That entry did not mention certain death for library staff and visitors in the event of a fire, although it was informative in other ways. But a February 2010 entry, “Myths abound about Beinecke,” antedated all three social media posts and eventually addressed the “fire” claims. It began:
Since its opening in 1963, the marble exterior of Beinecke Rare Book and Manuscript Library has kept hidden Yale’s most obscure texts and invited the speculation of visitors and students alike. Stephen Jones, head of access services at the Beinecke Library, shared with the News some of the most widespread rumors and absurd myths that abound on campus.
Incidentally, three of the four myths about Beinecke Library addressed were rated as strictly false (including, “In the event of a nuclear attack on New Haven, the Beinecke will descend into the ground, acting as a bomb shelter”) except for the fire claim. That came with the following explanation and clarification:
MYTH: The library’s fire-extinguishing system removes the air from the book stacks in the event of a conflagration, dooming any librarians inside to a slow death by asphyxiation.
MOSTLY FALSE: According to Jones, this legend has a kernel of truth: Instead of water sprinklers that would harm the rare books collections, he said, a combination of halon and Inergen gases would be pumped into the stacks to stop the combustion process, and thus the spread of fire.
“They do lower the percentage of oxygen, but not enough to kill any librarians,” Jones said.
The inner stacks surrounded by glass that house the Beinecke Library’s delicate collections (known to insiders as “the Tower”) are airtight in order to slow the books’ aging process. This presented problems in the mid-1970s when a bookworm infestation could not be addressed with traditional airborne insecticides, Jones said. To solve the problem, the library worked with Yale entomologist Charles Remington, who recommended that the affected books be wrapped in plastic and frozen at minus 33 degrees for three days. The process, which is still used on all of the Beinecke Library’s new acquisitions, took two and a half years to complete, Jones said.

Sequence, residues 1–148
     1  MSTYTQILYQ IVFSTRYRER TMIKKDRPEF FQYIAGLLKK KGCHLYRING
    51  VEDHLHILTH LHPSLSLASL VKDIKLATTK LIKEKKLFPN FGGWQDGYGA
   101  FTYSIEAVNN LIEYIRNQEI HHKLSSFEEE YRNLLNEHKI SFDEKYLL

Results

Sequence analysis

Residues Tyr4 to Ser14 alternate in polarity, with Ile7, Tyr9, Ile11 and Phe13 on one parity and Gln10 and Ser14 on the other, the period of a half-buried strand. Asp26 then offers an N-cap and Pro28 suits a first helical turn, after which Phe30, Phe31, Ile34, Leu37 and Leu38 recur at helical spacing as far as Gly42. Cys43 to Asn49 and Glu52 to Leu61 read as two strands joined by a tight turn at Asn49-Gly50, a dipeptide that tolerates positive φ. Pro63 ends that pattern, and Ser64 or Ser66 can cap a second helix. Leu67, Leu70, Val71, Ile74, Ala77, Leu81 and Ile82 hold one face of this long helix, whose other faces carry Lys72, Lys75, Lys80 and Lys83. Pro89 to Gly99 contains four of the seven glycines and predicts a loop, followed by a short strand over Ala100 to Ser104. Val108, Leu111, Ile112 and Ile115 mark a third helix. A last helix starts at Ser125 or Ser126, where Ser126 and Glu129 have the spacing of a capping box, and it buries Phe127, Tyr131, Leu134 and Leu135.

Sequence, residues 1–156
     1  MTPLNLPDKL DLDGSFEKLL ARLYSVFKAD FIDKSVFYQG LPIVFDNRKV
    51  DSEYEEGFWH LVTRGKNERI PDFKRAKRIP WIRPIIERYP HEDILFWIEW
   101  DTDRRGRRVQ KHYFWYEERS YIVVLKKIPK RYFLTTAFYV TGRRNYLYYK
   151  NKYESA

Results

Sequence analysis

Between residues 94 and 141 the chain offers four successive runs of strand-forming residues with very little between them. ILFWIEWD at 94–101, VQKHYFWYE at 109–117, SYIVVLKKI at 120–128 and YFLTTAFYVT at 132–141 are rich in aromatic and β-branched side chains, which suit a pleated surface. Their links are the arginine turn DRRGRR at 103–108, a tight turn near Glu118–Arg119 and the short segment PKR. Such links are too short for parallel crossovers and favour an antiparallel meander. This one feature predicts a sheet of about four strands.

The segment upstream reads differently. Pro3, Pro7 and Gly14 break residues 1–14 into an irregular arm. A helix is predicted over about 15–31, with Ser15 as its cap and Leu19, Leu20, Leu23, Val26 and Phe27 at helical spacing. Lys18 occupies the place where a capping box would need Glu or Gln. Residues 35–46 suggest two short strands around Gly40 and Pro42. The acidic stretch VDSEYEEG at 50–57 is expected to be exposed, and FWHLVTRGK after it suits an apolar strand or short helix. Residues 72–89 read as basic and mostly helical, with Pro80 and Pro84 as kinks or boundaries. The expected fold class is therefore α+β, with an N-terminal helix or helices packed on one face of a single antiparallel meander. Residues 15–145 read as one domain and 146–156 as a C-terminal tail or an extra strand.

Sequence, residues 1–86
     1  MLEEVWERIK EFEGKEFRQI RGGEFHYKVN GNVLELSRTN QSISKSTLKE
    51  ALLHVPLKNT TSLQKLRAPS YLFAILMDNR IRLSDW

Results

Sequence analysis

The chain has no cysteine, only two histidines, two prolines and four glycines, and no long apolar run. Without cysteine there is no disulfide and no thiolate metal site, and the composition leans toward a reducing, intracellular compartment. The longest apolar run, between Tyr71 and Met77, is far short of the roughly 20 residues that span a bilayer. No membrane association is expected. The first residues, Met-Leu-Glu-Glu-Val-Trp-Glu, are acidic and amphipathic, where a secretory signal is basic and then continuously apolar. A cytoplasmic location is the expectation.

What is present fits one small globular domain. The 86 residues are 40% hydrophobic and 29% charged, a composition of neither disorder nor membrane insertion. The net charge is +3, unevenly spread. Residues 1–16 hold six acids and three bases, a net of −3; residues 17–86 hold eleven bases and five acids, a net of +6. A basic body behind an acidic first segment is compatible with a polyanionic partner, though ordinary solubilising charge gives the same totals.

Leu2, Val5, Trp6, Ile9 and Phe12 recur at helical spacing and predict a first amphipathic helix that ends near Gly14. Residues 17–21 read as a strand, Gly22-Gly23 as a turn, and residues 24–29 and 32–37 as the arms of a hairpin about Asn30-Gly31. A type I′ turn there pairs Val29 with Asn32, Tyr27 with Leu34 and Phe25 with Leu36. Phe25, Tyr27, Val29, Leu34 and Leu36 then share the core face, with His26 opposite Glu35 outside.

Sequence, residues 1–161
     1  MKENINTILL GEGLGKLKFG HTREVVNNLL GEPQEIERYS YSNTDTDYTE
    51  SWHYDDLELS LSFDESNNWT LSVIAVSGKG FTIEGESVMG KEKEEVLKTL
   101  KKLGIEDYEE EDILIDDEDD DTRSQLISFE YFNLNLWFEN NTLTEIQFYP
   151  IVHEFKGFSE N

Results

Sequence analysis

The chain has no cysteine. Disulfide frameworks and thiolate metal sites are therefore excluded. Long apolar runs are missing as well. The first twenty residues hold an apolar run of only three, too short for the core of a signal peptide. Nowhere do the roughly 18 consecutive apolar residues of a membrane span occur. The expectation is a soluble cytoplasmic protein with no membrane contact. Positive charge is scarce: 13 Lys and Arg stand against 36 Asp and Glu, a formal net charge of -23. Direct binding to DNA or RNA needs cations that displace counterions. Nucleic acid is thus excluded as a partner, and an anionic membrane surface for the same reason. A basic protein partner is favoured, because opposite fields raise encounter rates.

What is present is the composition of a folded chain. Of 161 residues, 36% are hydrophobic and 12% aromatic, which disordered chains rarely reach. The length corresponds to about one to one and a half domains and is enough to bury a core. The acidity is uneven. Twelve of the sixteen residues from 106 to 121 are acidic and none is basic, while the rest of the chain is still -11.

Although the rumor had been “debunked” for years (2010) by the time it hit Reddit (2016), Twitter (2018), and Facebook (2021) posts, it clearly came well before viral social media posts based on the 2010 “Myths abound …” page. Furthermore, the Yale.edu page characterized the claim as having some truth to it, indicating that “a combination of halon and Inergen gases would be pumped into the stacks to stop the combustion process” would activate instead of sprinklers — and that while ambient oxygen would be reduced, it would be at levels insufficient to kill any librarians, and perhaps it would spare the odd graduate student as well.
A viral screenshot of a 2018 tweet claiming that a “fun fact” about Yale’s Beinecke Library was that “if a fire starts in the library, all the oxygen leaves the building killing all who are inside in order to protect the rare books.” The claim appeared to be older than social media, and was addressed by Stephen Jones (head of access services at the Beinecke Library) in 2010. Jones confirmed that the structure had alternative means of suppressing fire in lieu of sprinklers, but he added that the reduction of ambient oxygen would not be fatal to anyone in the library should a fire occur. We have rated this claim Not True, as the “fun fact” hinges on a purported (and counterfactual) claim that the safety measures would be fatal to library staff and patrons in order to protect the rare books.